Gasparoli: Why the secrecy in Hedgepeth investigation?

October 1, 2013 

Tom Gasparoli

TOM GASPAROLI

The last person I thought would talk to me about the search warrants in the Faith Hedgepeth murder case was the judge who signed most of them. But Durham Senior Resident Superior Court Judge Orlando Hudson answered what he could.

This came after my call to Durham County District Attorney Leon Stanback, who skillfully found several ways to say nothing on the subject.

Why did I have to ask? Because the search warrants, 911 call, autopsy report, and other documents or orders – along with accompanying affidavits meant to support law enforcement actions – have been sealed from public view for a year now.

Sealed since last year, when Hedgepeth was found beaten to death in the bedroom of an apartment on the border of Durham County, in the town of Chapel Hill.

Warrants can outline the critical steps of an investigation and allow the public that employs law enforcement officers to know and assess what’s been done and what hasn’t. However, since the morning of Sept. 8, 2012 – when the UNC student was discovered – this investigation has occurred mostly in secret. The crime is high-profile, the probe, barely visible.

“How often does this happen,” I asked Judge Hudson, “when warrants in an unsolved murder case remain sealed a year later?”

“It’s very rare,” he said.

So what is so unusual or crucial about the ongoing Hedgepeth investigation? Whatever it is, the State Bureau of Investigation now knows. That agency has just been invited to increase its involvement in the case.

“Sealing material is a fine line,” Hudson said. “The public wants to know facts. Investigators don’t want to have their work hindered by the release of information. Each position has merit.”

The judge says he always looks to see if the request to seal seems “reasonable.”

I asked how many times Hudson had said no to this type of request to seal.

“Never,” Hudson said.

Sounded like more of a rubber stamp to me. But Hudson, in my experience, isn’t a rubber stamp kind of guy.

Orange County District Attorney Jim Woodall went to the scene of the crime after Hedgepeth was found. At that time, it was believed the 19-year-old was murdered in Orange County. Woodall hasn’t forgotten what he saw.

“It’s tough,” he said. “Most murders like this are committed by someone relatively close to you. And most murderers get convicted, in the end, because the person responsible opens his mouth, or someone who truly knows something opened theirs – happens time and again.”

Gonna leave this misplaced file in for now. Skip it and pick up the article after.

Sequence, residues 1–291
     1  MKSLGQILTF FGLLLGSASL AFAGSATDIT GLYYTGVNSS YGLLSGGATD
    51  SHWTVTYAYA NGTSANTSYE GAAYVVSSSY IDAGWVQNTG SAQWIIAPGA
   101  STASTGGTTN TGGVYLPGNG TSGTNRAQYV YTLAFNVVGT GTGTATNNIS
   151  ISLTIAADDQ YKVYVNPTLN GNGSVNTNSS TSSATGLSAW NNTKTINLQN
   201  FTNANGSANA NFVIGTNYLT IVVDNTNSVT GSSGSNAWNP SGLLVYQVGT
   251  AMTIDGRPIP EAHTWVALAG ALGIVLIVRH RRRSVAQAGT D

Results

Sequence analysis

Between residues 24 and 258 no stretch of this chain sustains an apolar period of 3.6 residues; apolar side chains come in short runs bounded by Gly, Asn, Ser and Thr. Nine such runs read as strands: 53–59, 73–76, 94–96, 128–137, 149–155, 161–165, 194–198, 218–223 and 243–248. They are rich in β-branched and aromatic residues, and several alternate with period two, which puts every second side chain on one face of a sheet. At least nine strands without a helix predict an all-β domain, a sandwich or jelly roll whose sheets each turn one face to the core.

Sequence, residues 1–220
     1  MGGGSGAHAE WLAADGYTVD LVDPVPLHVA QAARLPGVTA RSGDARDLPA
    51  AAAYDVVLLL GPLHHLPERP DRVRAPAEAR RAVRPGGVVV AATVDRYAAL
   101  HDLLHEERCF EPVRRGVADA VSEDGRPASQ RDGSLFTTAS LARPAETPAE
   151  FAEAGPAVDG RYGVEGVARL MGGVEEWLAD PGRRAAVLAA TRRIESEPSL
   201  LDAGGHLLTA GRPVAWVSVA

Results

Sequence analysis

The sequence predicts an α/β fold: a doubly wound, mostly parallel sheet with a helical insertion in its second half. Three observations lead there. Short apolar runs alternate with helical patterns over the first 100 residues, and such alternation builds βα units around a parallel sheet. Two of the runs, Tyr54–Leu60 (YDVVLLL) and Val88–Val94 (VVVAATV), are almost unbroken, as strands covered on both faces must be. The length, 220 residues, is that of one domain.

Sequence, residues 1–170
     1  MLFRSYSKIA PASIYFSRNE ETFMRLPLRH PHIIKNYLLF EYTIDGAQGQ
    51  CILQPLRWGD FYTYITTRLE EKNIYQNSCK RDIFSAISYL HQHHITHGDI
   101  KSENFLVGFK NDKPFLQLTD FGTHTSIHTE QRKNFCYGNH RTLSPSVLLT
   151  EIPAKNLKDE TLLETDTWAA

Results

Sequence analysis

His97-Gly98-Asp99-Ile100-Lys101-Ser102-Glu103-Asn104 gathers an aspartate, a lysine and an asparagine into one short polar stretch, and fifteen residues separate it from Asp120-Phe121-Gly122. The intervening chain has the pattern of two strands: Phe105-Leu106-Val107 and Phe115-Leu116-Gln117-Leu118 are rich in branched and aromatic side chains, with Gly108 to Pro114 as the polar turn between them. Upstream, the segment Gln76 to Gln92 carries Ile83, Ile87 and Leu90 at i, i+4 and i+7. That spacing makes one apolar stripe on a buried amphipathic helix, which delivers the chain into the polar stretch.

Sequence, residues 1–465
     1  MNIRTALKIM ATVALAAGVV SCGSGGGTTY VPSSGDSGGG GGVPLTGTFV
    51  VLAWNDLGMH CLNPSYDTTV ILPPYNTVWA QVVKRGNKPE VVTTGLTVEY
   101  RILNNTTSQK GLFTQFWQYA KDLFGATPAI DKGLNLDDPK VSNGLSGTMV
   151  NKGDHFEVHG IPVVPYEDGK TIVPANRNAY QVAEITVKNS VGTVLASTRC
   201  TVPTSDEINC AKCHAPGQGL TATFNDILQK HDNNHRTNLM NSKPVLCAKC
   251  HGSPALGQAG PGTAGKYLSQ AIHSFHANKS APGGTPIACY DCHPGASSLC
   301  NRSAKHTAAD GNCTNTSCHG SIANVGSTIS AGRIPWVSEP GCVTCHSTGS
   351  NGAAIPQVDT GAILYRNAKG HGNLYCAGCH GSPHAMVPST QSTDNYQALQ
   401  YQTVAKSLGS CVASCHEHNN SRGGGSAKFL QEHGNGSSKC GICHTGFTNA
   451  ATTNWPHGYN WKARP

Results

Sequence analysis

Case in point: Woodall prosecuted the men convicted in the Eve Carson murder case. Carson was the UNC student body president murdered in March of 2008 on a residential neighborhood near campus.

“I’m glad we were able to get her autopsy sealed,” he said. “Because someone we talked to months after the murder knew things about Eve’s injuries, that gave that person credibility. She proved very helpful to us in the prosecution.

“I think the Hedgepeth case is going to get solved,” Woodall said. “That’s my feeling.”

I understand why investigators and prosecutors fear having an investigation undermined, but without question the government needs to be scrutinized, too. In this case, close scrutiny has been next to impossible. And the SBI involvement probably won’t change that.

In the Hedgepeth murder, Judge Hudson renewed requests to keep information sealed as recently as three weeks ago.

“And when I get these requests, I always look for up to date information,” Hudson said.

So we can only guess what’s happening right now. Surveillance? Some of that, such as email, is supposed to have a warrant. Wiretaps, too. Are there informants close to the murderer who have his trust and cannot be identified, or even hinted at?

I wonder why some affidavits in this case cannot be redacted, with certain names and specifics blacked out, and then released. It takes some work, but it’s doable.

We should all pay special attention to murder investigations that remain so hidden for so long.

I asked DA Leon Stanback what was so sensitive right now. “I’m not talking about search warrants,” he said.

“But don’t all the likely suspects know they are suspects?”

“Not talking about this,” Stanback said.

And so this mostly confidential investigation on a most disturbing homicide continues.

Tom Gasparoli can be reached at tgaspo@gmail.com or 919-219-0042.

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